Agony in advent: Lessons from a father's war journal

November 27, 2007

Those who watched the The War, a documentary about World War II by Ken Burns which aired on PBS this fall, could feel the horror of battle with a foot soldier from Mobile, Alabama; understand the pressure on a newspaper editor in Luverne, Minnesota, who worked as if victory depended on him; and feel the anxiety of a mother coping with the government’s rationing program.

Above all, viewers sensed how, for soldier and civilian alike, the war involved a lot of waiting—longing for a letter from a beloved young man in harm’s way, gazing each day at a picture of a faraway sweetheart, yearning for that great homecoming when the war would finally be over.

Those wartime experiences are in my mind as I come to Advent this year and prepare again for the coming of the Christ child. In his version of Romans 8, Eugene Peterson conveys a fresh sense of Paul’s words on Advent waiting (from The Message):

All around us we observe a pregnant creation. The difficult times of pain throughout the world are simply birth pangs. But it’s not only around us; it’s within us. The Spirit of God is arousing us within. We’re also feeling the birth pangs. . . . That is why waiting does not diminish us, any more than waiting diminishes a pregnant mother. We are enlarged in the waiting. We, of course, don’t see that it is enlarging us. But the longer we wait, the larger we become and the more joyful our expectancy.

Watching The War reminded me of my Dad and a time when he was “enlarged in the waiting.” John H. Wimmer was a young man on an Indiana farm when he was drafted in 1940; he remained in the army until 1946 and spent most of those six years in the South Pacific.

When Dad died we discovered among his belongings a journal he had kept during the war. In it, he described dozens of experiences about which he’d never spoken during his lifetime. He was not a foot soldier and rarely carried a rifle. Instead, he played the trumpet in one of the army’s best stage bands in the Pacific theater, sometimes even entertaining soldiers along with movie stars like Bob Hope and Errol Flynn. (Dad was delighted to report that “Errol is just one of the guys” and “eager to share any danger or deprivation with us.”)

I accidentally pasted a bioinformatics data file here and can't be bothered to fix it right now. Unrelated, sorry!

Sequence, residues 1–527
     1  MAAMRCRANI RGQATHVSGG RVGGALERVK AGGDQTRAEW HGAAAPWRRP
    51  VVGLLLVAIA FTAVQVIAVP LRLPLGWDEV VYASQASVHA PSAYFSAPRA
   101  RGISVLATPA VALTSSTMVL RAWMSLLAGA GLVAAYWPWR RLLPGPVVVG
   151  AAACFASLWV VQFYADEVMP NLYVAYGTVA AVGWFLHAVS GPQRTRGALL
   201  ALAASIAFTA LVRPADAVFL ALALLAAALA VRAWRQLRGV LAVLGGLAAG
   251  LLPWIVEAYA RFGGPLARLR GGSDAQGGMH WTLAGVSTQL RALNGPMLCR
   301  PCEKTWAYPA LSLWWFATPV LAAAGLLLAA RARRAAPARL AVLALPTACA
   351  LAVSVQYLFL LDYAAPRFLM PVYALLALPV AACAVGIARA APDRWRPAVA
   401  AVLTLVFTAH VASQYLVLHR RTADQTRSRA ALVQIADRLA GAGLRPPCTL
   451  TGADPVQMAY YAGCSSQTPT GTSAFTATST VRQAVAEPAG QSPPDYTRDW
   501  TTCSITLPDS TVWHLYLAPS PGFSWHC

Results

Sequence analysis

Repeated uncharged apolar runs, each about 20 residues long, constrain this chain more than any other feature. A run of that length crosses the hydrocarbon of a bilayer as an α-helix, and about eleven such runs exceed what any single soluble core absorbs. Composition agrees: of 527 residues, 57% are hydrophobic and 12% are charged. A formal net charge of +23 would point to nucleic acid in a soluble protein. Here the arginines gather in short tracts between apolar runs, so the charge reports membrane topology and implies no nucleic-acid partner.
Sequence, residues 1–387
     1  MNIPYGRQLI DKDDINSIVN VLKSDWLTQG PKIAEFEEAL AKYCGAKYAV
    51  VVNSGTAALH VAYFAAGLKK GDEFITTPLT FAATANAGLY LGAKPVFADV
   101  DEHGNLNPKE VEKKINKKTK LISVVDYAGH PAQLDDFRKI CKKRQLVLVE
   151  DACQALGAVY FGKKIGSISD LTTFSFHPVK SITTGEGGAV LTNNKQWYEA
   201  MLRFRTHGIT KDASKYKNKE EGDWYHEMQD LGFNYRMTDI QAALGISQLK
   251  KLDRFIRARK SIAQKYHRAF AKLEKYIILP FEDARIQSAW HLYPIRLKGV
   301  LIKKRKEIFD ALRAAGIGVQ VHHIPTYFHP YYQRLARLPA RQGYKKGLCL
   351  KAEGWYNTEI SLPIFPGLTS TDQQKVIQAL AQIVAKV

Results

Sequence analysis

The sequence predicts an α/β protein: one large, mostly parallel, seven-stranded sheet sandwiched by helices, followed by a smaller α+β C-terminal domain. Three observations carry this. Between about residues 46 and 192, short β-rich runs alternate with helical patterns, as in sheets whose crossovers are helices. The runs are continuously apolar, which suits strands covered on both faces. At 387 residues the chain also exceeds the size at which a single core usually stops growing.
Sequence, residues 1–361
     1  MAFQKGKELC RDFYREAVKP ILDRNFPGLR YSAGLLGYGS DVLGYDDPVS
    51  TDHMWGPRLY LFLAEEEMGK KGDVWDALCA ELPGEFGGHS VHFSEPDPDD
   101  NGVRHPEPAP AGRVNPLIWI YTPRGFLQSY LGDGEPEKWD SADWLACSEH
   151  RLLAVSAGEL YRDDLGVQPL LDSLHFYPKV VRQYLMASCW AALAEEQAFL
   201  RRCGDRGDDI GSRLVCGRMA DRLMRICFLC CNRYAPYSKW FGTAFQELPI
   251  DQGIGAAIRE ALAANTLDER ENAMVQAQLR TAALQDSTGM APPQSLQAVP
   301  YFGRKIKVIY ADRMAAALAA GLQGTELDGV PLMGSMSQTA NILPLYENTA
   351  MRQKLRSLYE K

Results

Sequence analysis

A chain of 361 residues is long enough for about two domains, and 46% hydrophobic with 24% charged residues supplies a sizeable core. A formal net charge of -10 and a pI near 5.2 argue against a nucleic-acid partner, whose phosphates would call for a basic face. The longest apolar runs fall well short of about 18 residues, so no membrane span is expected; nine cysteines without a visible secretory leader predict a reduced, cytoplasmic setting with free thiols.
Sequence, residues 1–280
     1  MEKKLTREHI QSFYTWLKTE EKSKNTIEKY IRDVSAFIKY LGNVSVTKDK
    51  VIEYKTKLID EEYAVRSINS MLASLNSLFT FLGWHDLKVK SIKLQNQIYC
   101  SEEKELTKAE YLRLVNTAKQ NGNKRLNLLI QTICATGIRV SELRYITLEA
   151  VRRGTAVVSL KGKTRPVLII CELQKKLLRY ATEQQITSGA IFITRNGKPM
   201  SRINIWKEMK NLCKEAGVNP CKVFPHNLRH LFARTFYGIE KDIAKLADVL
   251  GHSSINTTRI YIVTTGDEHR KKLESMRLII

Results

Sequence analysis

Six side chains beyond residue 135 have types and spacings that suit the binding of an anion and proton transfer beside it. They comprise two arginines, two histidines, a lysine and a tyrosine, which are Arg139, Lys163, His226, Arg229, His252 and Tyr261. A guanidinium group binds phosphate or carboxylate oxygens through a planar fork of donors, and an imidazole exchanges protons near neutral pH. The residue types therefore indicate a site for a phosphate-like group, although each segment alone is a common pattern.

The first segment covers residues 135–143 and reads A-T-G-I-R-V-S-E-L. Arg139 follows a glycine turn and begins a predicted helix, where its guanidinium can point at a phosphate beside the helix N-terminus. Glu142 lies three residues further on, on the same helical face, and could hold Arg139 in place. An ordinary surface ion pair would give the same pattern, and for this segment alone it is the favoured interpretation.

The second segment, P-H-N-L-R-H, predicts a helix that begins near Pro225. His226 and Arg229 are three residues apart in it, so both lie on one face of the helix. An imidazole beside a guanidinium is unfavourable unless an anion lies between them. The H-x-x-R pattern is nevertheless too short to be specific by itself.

I had thought that Dad didn’t like to talk about the war because he was embarrassed at having had what seemed like such cushy duty. Playing backup to Dinah Shore, after all, was hardly like storming the beach at Tarawa. But his journal revealed that he had not been as sheltered from danger as I’d imagined.

On dozens of five-by-eight inch writing tablets, Dad wrote of unremitting terror and a longing for home. When he was not playing in the band, he was in or near combat, tending to the wounded as a stretcher bearer, or enduring nauseating hours in the lower decks of a cramped and noisome transport ship. No matter where he happened to be—even in jungle clearings where they entertained troops—carnage, destruction and fear were constants. He never got over the jarring disparity between war and home.

He also wrote about the promiscuities and profanities of army life, an atmosphere that offended his morality. I once met one of his army musician buddies and asked if he remembered my father. “Of course! So how is good old ‘Fap’ Wimmer?” Fap? I called my Dad to ask what this meant. He explained that there was a popular cartoon character who used the word as a mild expletive. Dad adopted the name as his own “nonprofane profanity,” and apparently his nickname. I knew that I had never heard my father utter a profane word; I didn’t realize that his army friends never heard him swear either.